Life-threatening injures to right whale calf likely from propeller; FWC investigates
ORMOND BEACH, Fla. - In the past week, right whales have been spotted along the coasts of Central Florida and Georgia for their seasonal migration in the Atlantic Ocean. Now there’s a warning to boaters after the Florida Fish and Wildlife Conservation Commission (FWC) recently spotted a calf with injuries that could be deadly.
(FWC) shared pictures of the injured one-week-old calf spotted off the coast of Georgia on Wednesday and the agency says it was likely struck by a propeller.
“The presence of that blood and the lack of healing suggested to the community that this was a very recently, likely in terms of hours old injury,” said Barb Zoodsma with the National Oceanic and Atmospheric Administration (NOAA).
Experts say the calf has a gash in the upper jaw which could impact its breathing. Even if the calf survives from the injury, the whale might not be able to nurse and without food, and the calf will die slowly.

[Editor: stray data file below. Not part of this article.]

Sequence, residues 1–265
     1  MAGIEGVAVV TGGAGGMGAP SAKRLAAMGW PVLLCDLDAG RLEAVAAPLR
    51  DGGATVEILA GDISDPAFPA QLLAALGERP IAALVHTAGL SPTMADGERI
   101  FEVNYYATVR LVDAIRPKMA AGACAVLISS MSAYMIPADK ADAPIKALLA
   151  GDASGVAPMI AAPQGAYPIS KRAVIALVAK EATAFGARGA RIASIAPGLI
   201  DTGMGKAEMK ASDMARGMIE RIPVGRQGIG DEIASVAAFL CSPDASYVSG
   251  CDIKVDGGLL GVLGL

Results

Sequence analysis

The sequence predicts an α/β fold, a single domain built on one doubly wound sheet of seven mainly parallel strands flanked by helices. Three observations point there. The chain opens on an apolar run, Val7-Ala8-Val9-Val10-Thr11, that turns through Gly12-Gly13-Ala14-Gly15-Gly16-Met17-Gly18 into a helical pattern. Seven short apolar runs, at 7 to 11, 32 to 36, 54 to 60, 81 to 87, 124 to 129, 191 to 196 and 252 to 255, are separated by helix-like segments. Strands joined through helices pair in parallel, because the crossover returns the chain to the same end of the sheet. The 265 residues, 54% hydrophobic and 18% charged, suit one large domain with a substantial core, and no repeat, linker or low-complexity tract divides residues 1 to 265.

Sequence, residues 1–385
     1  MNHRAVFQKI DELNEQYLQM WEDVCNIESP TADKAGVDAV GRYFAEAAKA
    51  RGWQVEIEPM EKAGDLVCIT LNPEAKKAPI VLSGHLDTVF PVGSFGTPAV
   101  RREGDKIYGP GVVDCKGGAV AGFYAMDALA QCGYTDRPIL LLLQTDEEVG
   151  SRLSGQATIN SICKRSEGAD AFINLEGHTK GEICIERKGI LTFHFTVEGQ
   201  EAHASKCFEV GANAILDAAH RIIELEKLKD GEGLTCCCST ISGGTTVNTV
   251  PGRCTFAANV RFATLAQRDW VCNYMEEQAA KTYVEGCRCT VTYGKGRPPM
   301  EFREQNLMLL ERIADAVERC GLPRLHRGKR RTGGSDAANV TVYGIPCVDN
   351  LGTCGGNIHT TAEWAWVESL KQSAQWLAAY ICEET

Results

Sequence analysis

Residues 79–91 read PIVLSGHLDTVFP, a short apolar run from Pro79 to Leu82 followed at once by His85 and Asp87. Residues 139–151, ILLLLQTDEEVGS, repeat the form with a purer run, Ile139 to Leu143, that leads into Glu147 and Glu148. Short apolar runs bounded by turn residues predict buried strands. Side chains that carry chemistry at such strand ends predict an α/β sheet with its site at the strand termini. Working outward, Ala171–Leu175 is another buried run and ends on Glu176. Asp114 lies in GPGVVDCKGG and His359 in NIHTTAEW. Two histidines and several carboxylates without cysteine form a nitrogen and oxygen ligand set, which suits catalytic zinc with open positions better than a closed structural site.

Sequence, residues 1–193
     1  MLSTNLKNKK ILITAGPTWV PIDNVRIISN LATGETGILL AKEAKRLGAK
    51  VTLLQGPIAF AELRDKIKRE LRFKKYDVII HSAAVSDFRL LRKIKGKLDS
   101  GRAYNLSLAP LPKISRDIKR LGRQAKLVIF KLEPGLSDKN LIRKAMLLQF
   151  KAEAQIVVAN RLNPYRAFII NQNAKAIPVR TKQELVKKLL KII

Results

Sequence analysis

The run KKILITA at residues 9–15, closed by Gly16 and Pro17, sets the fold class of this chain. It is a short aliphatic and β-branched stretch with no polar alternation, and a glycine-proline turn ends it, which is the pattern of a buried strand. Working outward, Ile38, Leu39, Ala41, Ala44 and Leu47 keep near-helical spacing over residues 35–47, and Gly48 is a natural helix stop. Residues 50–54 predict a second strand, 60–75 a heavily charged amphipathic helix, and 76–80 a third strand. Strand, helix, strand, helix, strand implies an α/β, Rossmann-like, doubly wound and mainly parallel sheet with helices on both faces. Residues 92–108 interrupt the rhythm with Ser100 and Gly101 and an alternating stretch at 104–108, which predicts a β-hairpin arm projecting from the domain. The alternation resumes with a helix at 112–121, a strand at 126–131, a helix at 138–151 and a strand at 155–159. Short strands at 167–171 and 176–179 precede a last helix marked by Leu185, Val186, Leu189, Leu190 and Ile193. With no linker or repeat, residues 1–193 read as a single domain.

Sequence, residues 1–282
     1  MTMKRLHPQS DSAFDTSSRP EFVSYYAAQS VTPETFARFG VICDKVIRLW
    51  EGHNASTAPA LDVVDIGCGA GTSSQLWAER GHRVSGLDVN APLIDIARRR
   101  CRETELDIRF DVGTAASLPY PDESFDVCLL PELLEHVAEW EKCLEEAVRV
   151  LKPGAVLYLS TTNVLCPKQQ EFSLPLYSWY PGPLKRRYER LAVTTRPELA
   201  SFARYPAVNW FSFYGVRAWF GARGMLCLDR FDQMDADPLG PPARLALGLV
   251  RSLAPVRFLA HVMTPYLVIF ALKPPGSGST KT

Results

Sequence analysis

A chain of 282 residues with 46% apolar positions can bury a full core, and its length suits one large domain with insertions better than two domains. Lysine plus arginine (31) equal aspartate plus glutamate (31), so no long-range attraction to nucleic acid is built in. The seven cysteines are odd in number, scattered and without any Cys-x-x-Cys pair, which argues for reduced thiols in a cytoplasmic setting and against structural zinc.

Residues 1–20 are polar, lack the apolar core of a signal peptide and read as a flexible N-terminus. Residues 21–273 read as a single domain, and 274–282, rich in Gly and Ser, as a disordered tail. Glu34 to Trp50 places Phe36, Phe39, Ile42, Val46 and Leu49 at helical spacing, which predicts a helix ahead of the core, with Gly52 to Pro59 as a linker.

Experts say mothers and their claves typically are at, or just a few feet below, the surface of the ocean. They suggest people on the water slow down, wear polarized sunglasses and keep a far distance.
Right whales are one of the most endangered large whales in the ocean with their population at about 400.
“In the last few years we’ve had an unsustainable number of mortalities in the population,” Zoodsma said. “A number of those white whales were dying as a result of fishing gear entanglement and vessel collisions.”
There aren’t plans to rescue the calf at this time experts say because it’s only a week old, it’s really important for the calf to stay with its mother.